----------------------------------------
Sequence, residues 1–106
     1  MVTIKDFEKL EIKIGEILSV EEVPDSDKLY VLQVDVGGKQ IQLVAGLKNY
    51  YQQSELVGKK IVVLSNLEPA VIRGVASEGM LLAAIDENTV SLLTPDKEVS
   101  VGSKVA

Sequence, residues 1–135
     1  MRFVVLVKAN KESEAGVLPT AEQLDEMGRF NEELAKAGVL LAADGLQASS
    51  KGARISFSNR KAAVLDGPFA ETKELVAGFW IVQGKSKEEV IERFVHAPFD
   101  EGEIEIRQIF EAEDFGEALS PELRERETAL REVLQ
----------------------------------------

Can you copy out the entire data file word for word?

Sequence, residues 1–106
     1  MVTIKDFEKL EIKIGEILSV EEVPDSDKLY VLQVDVGGKQ IQLVAGLKNY
    51  YQQSELVGKK IVVLSNLEPA VIRGVASEGM LLAAIDENTV SLLTPDKEVS
   101  VGSKVA

Sequence, residues 1–135
     1  MRFVVLVKAN KESEAGVLPT AEQLDEMGRF NEELAKAGVL LAADGLQASS
    51  KGARISFSNR KAAVLDGPFA ETKELVAGFW IVQGKSKEEV IERFVHAPFD
   101  EGEIEIRQIF EAEDFGEALS PELRERETAL REVLQ